Alan Greenspan is the great guru of the American economy, the spell-master over the fortunes of multitudes the world over. Chairman of the U.S. Federal Reserve for nearly 19 years under Presidents Reagan, G. H. W. Bush, Bill Clinton and George W. Bush, he has attained the status of what George Will once called a “fourth arm of government.”
As veteran curator of that realm of American national power upon which all others ultimately depend, Greenspan has inspired remarkable deference. He long ago tamed the legislature, to the point that, instead of exercising oversight over his tenure, Congress has ritually idolized rather than interrogated him. Greenspan’s aura has extended even to presidents of the United States. Bill Clinton went so far as to ask Greenspan in 2000 if he would like to be appointed to a fourth term as chairman, or whether he’d prefer to “go out now on top.” The then 73-year-old replied: “Oh, no. This is the greatest job in the world. It’s like eating peanuts. You keep doing it, keep doing it, and you never get tired.”
This past July, in the approach to his retirement on January 31, 2006 — mandated by neither age nor fatigue but by statute — Mr. Greenspan made the final scheduled congressional appearance of his remarkable career. Congressmen fell over one another to offer their praise and gratitude. Rep. Artur Davis (D-AL) lauded Greenspan as “a living seminar on economic policy”, while Rep. Steve Pearce (R-NM) put an unbearable strain on the truth in the service of hagiography by describing Greenspan as “a handsome man.”
Of course, Greenspan has been subject to criticism from time to time. Senate Minority Leader Harry Reid (D-NV) not long ago called him a “political hack” for endorsing President Bush’s deficit-plumping tax cuts. But general criticism of Greenspan is rare, and he is no less worshipped in the more esoteric world of America’s central banking fraternity. When the Fed’s former vice-chairman, Alan Blinder, was drafted to critique Greenspan’s performance, a thrill of excitement ran through the Fed-watching world. Blinder was known to have resigned from the Fed in a huff, frustrated by the way Greenspan monopolized power. As the stars and close-orbiting satellites of the Fed universe gathered for their annual retreat at Jackson Hole in August, many wondered whether they would be witness to a rare act of central banking apostasy: Would Blinder be so treacherous as to deliver a harsh verdict on The Chairman?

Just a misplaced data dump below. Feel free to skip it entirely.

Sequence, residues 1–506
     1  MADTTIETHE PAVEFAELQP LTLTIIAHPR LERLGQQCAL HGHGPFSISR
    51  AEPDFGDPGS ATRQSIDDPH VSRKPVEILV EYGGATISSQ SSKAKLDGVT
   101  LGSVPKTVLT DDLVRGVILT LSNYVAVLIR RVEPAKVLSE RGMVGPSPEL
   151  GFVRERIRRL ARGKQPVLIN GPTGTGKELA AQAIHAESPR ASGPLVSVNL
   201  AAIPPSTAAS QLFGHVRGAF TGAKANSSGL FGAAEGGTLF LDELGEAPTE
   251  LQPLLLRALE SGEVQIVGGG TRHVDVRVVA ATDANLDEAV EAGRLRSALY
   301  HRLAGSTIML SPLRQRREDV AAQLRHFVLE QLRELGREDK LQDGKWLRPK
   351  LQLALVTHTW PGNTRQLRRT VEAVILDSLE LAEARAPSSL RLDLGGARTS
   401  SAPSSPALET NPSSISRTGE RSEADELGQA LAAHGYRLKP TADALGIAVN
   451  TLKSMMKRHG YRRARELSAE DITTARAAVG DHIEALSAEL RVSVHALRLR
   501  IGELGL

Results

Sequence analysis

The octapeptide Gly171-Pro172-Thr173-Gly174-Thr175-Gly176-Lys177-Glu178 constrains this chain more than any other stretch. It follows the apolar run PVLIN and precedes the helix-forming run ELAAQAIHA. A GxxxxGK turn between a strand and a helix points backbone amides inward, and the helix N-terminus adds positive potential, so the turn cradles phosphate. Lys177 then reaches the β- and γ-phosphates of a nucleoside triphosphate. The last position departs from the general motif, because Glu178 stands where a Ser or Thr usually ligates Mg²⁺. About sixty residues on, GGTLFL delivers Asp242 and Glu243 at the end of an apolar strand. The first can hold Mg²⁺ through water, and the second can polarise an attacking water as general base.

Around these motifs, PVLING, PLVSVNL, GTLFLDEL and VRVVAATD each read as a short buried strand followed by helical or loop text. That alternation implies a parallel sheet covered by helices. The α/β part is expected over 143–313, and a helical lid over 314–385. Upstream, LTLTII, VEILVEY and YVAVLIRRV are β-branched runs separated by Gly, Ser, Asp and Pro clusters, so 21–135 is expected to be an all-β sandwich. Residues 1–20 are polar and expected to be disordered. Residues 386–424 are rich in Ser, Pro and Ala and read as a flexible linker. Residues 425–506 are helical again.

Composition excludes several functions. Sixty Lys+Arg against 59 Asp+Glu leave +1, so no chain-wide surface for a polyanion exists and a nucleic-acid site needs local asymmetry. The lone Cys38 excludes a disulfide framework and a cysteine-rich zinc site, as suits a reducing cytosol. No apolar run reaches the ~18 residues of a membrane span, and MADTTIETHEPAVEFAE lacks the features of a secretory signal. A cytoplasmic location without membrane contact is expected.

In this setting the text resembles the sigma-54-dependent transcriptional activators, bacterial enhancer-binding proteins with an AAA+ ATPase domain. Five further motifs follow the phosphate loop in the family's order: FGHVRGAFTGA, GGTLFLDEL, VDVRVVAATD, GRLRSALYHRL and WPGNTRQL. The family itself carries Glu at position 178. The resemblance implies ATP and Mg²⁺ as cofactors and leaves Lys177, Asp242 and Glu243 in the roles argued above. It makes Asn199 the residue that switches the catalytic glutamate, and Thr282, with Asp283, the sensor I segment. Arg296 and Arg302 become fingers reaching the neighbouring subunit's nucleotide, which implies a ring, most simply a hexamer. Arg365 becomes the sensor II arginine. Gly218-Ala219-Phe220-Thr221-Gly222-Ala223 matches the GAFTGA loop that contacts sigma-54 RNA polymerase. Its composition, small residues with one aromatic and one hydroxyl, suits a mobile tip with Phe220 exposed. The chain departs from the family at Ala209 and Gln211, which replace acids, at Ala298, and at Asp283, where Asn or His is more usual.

Not a chance. Blinder defended Greenspan against his critics and praised his performance as “impressive, encompassing and overwhelmingly beneficial — to the nation, to the institution, and to the practice of monetary policy.” His climactic flourish was to pronounce Greenspan the “greatest central banker who ever lived.”
Is he really? Now that his tenure is drawing to a close, it is time to ask how well Greenspan has used his great power, whether his performance has been as good as so many presume, and whether, perhaps, there are some cautionary lessons in his tenure for his successor-designate, Ben Bernanke.
We have a first hint of a sober assessment from Allan Meltzer, Greenspan’s friend and colleague of 40 years. Meltzer summarizes the chairman’s record: